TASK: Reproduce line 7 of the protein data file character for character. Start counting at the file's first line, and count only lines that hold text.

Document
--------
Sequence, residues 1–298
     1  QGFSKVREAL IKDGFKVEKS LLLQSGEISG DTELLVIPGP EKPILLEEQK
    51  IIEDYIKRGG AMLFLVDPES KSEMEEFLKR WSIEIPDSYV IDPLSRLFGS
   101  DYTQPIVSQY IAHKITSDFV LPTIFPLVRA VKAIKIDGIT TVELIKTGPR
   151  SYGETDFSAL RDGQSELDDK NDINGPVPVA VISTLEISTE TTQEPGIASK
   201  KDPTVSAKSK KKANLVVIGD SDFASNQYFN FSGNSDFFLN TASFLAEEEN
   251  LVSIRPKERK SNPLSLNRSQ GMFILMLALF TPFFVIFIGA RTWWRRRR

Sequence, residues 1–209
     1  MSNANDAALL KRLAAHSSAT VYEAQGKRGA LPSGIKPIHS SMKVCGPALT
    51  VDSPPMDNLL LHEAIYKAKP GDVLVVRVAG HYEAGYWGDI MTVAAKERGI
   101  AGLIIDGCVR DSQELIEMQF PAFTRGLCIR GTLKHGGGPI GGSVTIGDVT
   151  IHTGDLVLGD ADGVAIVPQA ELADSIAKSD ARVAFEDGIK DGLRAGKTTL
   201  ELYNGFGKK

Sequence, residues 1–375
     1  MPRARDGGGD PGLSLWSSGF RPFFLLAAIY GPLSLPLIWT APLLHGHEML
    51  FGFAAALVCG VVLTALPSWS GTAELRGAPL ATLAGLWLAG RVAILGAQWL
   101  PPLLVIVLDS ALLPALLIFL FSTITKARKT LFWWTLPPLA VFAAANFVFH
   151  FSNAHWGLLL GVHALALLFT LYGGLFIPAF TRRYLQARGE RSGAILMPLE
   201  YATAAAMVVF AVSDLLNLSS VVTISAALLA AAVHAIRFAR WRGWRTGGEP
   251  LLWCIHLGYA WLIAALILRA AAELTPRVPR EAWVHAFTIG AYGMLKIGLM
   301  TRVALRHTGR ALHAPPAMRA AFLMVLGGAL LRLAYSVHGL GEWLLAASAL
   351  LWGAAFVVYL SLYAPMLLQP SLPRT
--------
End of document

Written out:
   251  LVSIRPKERK SNPLSLNRSQ GMFILMLALF TPFFVIFIGA RTWWRRRR